How your voice is transforming virtual medicine
The human voice is an undervalued data source, but not for long: New technologies can identify moods and medical conditions from your voice through virtual communication. Voice-based tools are changing virtual patient care through the unique data and patient accessibility they provide, and are allowing medical care providers to improve diagnosis of medical conditions over the phone, enabling quicker and enhanced care for many patients.
New companies are researching into the physiological and psychological mechanisms underlying voice patterns through voice-based technology; the results could improve medical care (123rf / Viktor Gymria)
The current state of medical care is predominantly dependent on direct patient-clinician interaction through doctors’ visits; patients must meet with medical professionals in person through routine appointments or in an emergency. However, the current system is insufficient when a patient needs immediate medical assessment but has limited access to care. The incorporation of voice-based diagnostic tools could provide these patients with near instantaneous medical attention.
Additionally, virtual tools could drastically expand the accessibility of medical care. In an emergency, patients receive urgent clinical attention and medical professionals benefit from accurate diagnostic data. Virtual patient communication during ambulance transport or at assisted-living facilities could better inform medical professionals and expedite urgent care. Virtual interactions will increase a patient's access to medical care, and increased interaction with care-providers could afford patients a better understanding of their medical conditions. Voice-based technologies may, therefore, improve medical care by providing additional information to both patients and care providers.
Voice stress analysis (VSA) is used in intelligence and criminal investigations to survey and analyse levels of stress in a person's voice. VSA functions by measuring frequency changes associated with physical or psychological stress – micro-muscle tremors – and is utilised as a "truth-verification technology" (Chapman & Stathis, 2012). This technology is used in legal and military situations to detect deception in informants' interviews (Hopkins, Ratley, Benincasa, & Grieco, 2005).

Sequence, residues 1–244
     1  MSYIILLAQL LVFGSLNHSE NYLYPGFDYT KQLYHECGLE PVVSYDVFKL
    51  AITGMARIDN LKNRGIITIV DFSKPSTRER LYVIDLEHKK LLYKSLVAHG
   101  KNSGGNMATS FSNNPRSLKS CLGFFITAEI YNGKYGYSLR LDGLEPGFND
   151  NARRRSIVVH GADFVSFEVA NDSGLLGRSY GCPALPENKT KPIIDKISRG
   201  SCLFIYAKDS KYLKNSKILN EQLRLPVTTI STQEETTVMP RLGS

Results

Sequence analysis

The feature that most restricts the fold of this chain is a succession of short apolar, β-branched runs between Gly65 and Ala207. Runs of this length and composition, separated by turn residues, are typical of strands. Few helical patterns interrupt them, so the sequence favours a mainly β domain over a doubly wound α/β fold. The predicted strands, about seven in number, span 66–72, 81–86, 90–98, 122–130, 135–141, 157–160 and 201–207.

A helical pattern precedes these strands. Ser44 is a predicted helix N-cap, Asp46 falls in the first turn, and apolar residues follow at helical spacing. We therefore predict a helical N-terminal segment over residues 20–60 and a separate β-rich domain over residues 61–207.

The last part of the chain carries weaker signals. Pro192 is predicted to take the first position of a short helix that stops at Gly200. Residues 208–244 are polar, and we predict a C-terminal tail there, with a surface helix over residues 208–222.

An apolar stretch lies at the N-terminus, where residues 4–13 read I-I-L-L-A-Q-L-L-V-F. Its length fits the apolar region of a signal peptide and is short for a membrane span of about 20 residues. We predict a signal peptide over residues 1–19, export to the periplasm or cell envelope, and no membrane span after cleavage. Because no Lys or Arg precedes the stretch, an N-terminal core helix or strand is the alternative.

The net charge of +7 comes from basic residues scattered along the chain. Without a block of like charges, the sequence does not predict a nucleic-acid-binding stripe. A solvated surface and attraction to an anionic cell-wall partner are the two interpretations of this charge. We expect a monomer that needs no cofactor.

New companies have continued research into the physiological and psychological mechanisms underlying voice patterns through similar voice-based technology. Voice stress and frequency data have been combined with analytical software to produce powerful tools, which may enable medical analysis and diagnosis based on patients’ voices.
AudioProfiling, a Humboldt University spin-off, has developed voice-analysis algorithms based on ‘musical parameters (eg, volume, articulation, etc) as well as measures of voiced/unvoiced sounds. Research collaborations with Humboldt University and Charité Universätsmedizin Berlin have focused on medical and psychological disorder detection from the human voice. Other partnerships are working on voice-based detection of Attention Deficit Hyperactivity Disorder (ADHD) (Meditech GmbH) and various psychological states (University of Paderborn).
This software is noteworthy for accuracy in the absence of limited recordings, poor audio quality, and compatibility with telecommunication. AudioProfiling offers services ranging from medical detection of ADHD, to examining psychological personality traits.
Sonde Health, a by PureTech company, offers software designed to recognise: "Subtle, characteristic changes," in voice patterns in order to detect psychological conditions such as depression, as well as physical conditions like respiratory and cardiovascular disorders.
Sonde Health's voice-scanning technology is based upon research from MIT’s Lincoln Laboratories and is designed for patients’ smart devices, allowing health-related data to be continually collected and monitored, and to be accessible to healthcare providers. Currently, this software is in early-stage development, which relies on participant interaction. Ultimately, this technology may function as a continual analysis and detection tool.
Cogito has also designed voice-based software to detect changes in moods. The company was founded upon the findings of the MIT Human Dynamics Lab, and has since developed an artificial intelligence platform, which can interpret communication and psychological information, such as bipolar disorder and depression, from audio inputs. Partnerships with healthcare management programs and insurance organisations have provided further data for health-related detection. This voice-based technology may allow patients suffering from psychiatric conditions to monitor the condition through phone calls with medical care professionals.
It is clear, therefore, that these recent developments in voice-based software have increased the medical capability to collect health-related data from patients and provide broader medical access to patients.
These tools can be used to provide critical missing or supplemental information to medical care providers in cases that require urgent medical attention and future progress in developing voice-based software will continue to shape virtual medicine. The development of these voice-based technologies and virtual tools expands the opportunities for doctor-patient communication. Virtual medicine reshapes modern medical systems to enable better access to potentially limited emergency medical care.
Sarah Ayton; Carly Esteves & Ian Portelli